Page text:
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Environmental Geosciences V.
Environmental releases from exploration and production operations in Oklahoma: Type, volume, causes, and prevention
1Center for Applied Biogeosciences, University of Tulsa, 600 South College Avenue, Tulsa, Oklahoma 74104; [email protected]
2Center for Applied Biogeosciences, University of Tulsa, 600 South College Avenue, Tulsa, Oklahoma 74104; [email protected]
J. Berton Fisher is an assistant professor of geosciences at the University of Tulsa and president of Lithochimeia, Inc. Fisher is a geochemist with extensive experience in the applied biogeochemistry of organic and inorganic materials. His principal research interests are the application of biogeochemical knowledge to environmental issues and hydrocarbon exploration and production problems.
Kerry Sublette is a professor of chemical engineering and geosciences and Sarkeys Chair of Environmental Engineering at the University of Tulsa. He also serves as the director of the Integrated Petroleum Environmental Consortium, an Environmental Protection Agency research center. His research interests include the remediation of oil- and brine-contaminated sites and ecological indicators of the restoration of damaged soil ecosystems.
The authors thank the Oklahoma Corporation Commission (OCC) for access to the data reviewed in this paper. We also thank Mike Schmidt, formerly of the OCC, for having the foresight to initiate the OCC Complaint Database in 1992.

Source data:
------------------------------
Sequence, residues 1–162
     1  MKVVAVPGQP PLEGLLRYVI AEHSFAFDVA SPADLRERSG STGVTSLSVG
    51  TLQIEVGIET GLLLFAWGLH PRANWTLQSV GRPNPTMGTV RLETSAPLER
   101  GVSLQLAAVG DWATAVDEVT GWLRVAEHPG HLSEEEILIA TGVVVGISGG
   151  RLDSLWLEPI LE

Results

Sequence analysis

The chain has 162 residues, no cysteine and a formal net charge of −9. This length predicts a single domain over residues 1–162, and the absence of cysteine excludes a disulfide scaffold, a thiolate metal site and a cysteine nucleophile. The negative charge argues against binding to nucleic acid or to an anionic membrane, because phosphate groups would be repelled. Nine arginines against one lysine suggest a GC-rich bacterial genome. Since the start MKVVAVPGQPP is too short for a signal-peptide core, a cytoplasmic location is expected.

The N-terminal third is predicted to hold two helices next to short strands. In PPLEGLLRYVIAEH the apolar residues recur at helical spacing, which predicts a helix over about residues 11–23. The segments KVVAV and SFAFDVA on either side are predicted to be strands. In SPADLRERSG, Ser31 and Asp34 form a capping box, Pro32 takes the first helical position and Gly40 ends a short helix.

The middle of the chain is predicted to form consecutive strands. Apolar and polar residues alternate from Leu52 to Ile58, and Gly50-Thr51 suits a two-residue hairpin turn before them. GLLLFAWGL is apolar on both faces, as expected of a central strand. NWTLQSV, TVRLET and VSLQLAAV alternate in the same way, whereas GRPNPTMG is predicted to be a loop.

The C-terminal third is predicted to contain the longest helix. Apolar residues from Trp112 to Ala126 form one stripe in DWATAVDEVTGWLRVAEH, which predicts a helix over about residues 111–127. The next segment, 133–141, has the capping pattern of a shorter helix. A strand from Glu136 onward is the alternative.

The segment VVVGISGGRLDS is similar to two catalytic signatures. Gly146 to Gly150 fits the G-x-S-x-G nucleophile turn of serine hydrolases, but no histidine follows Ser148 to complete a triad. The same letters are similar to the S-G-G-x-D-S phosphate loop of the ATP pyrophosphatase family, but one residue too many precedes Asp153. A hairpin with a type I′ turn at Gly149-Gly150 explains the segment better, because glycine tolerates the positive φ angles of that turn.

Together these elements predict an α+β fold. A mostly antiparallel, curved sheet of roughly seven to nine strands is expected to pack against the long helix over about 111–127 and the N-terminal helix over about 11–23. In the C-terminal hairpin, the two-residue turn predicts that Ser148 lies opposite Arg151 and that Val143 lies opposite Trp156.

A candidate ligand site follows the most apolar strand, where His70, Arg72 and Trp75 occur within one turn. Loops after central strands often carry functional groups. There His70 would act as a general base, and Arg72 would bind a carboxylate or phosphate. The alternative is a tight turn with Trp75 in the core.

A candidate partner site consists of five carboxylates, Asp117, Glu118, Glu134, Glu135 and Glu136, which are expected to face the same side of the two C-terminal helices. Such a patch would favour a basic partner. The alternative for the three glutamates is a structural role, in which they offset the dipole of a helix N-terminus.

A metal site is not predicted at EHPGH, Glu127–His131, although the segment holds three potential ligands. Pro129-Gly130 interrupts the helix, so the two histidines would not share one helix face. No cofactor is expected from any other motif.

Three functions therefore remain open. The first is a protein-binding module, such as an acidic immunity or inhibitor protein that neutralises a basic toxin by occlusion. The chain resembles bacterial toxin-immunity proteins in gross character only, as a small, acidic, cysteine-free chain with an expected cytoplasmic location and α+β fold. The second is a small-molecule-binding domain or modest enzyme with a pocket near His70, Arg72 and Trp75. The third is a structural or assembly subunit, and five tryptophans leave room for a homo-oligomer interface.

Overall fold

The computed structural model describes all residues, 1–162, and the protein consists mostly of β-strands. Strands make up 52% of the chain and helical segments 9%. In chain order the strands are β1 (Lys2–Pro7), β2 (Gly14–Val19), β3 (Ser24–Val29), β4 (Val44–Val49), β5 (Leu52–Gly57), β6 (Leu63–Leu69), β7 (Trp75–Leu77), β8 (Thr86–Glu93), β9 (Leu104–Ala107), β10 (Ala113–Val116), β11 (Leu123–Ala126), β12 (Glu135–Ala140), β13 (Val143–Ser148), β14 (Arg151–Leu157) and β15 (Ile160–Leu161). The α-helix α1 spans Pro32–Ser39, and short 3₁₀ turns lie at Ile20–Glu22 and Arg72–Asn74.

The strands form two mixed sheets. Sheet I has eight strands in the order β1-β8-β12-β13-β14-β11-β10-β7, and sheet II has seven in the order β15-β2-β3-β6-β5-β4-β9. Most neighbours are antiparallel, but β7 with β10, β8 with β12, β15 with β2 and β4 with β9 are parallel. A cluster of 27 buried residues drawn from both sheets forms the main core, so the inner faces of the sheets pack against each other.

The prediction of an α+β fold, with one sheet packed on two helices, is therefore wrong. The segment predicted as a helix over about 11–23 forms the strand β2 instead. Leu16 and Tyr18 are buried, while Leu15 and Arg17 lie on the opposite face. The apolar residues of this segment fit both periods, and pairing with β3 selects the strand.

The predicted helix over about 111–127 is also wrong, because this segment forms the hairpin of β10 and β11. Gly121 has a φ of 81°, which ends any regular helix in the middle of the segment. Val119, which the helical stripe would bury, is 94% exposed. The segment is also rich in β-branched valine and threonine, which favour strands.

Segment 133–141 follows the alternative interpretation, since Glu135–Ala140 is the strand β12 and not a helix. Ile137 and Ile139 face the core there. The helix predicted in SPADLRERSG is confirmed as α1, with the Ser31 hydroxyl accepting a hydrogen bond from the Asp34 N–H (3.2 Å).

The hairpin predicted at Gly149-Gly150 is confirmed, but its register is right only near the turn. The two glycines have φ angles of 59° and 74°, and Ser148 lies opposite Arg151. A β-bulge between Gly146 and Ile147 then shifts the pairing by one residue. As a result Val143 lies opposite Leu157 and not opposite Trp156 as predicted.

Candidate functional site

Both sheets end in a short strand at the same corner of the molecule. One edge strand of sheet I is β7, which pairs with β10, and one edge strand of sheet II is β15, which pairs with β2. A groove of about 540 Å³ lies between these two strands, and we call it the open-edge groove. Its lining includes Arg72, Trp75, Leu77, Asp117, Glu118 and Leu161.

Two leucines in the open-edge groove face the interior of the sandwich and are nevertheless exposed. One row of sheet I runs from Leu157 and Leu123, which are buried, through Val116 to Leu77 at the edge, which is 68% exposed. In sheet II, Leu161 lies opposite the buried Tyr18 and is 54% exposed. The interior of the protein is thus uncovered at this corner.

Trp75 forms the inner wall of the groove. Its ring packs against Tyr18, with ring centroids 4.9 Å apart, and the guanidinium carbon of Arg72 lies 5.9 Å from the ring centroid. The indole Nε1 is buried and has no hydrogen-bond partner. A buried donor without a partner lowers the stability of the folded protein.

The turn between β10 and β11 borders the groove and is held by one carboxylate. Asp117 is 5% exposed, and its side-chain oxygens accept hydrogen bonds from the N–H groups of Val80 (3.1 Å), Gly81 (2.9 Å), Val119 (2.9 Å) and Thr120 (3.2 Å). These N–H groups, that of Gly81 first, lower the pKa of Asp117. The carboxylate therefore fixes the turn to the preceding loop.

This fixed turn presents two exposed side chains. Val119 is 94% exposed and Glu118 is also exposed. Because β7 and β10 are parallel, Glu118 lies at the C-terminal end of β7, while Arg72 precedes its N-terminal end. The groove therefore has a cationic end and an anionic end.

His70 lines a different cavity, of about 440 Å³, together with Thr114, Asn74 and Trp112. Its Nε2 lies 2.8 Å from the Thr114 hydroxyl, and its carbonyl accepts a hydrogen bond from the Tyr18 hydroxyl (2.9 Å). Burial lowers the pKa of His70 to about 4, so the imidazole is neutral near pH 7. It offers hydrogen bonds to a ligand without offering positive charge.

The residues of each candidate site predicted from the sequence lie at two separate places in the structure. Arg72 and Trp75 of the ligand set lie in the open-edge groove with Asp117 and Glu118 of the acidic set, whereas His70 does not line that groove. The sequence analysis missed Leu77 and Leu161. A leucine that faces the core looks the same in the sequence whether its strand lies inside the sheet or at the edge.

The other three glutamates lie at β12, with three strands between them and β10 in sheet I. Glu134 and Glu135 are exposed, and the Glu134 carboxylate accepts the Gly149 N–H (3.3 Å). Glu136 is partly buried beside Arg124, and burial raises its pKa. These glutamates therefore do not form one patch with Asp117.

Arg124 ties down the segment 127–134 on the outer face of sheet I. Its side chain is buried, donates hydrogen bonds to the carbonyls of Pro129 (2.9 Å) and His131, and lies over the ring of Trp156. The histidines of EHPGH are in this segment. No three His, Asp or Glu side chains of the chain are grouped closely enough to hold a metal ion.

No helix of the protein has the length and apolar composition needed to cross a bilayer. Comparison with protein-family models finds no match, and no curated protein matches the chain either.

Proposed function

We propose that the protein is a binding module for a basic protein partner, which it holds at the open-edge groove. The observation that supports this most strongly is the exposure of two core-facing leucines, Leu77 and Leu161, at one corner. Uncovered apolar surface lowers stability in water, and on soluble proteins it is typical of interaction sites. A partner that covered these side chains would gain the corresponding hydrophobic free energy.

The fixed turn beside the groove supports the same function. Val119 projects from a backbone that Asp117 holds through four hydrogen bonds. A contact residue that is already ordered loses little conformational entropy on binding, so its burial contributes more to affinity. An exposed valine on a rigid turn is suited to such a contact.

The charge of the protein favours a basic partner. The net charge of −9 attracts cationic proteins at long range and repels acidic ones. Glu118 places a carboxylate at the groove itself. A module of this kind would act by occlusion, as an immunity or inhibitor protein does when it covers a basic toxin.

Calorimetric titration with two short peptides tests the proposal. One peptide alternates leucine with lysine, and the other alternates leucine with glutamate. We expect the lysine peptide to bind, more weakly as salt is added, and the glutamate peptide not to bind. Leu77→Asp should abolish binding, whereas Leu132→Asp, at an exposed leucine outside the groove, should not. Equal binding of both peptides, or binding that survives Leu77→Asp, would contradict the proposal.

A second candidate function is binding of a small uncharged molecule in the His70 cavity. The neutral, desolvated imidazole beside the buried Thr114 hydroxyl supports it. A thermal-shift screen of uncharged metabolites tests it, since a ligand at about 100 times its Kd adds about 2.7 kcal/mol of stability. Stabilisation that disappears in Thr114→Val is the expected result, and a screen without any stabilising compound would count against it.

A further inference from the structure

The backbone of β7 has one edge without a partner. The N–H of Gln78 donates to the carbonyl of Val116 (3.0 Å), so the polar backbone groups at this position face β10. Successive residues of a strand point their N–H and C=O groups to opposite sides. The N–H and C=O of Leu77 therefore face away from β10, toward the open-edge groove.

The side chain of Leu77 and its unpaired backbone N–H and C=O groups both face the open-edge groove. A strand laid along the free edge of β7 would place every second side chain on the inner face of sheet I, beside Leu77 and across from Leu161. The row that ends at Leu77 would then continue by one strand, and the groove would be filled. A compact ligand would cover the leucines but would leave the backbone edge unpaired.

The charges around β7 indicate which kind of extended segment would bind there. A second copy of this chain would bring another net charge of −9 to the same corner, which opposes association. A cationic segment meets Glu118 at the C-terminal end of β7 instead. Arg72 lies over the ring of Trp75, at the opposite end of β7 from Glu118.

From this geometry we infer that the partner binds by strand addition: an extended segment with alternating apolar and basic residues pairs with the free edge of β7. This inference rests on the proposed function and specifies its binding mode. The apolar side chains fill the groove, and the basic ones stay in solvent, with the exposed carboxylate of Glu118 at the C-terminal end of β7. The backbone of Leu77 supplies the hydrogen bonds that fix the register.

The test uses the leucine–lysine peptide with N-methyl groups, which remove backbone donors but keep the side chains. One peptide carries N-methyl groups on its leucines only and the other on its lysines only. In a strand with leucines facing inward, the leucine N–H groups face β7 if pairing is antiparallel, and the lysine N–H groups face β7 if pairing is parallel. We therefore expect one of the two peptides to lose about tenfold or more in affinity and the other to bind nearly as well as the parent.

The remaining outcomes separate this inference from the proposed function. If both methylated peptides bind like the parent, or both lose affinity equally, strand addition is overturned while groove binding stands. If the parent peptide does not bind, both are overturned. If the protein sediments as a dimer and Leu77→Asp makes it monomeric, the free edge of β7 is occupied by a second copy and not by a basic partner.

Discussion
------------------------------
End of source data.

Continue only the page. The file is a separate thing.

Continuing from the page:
A total of 16,906 recent fluid releases were reported to the Oklahoma Corporation Commission (OCC) during the 10-yr period from 1993 to 2003. Of these, 12,863 were identified as exploration- and production-related releases of oil or saltwater from identified geographic areas. The primary reported origins of oil and saltwater releases were leaks from lines, tanks, wellheads, surface equipment, and pits. Important reported causes of fluid releases range from common overflows (tank, pit, and dike), intentional dumping or other illegal activity, storms, fires or explosions, accidents (including the actions of livestock), and to occasional corrosion. Approximately 34% of all recent oil or saltwater releases resulted in reported injury to environmental receptors (surface water, crops or livestock, soil, fish, or wildlife). For the 10-yr period of record, 41% of all exploration and production complaints to OCC involved the release of oil or saltwater. On an annual basis, complaints involving the release of fluids decreased from 65.8% in 1993 to 46.1% in 2002. Releases specifically identified as involving oil or saltwater comprised 76.1% of all fluid releases. Quantified releases of oil had a median volume of 10 bbl, whereas quantified releases of saltwater had a median volume of 40 bbl. For those releases in which the volume of both oil and saltwater were quantified, the volume of saltwater spilled was approximately 76% of the total volume.
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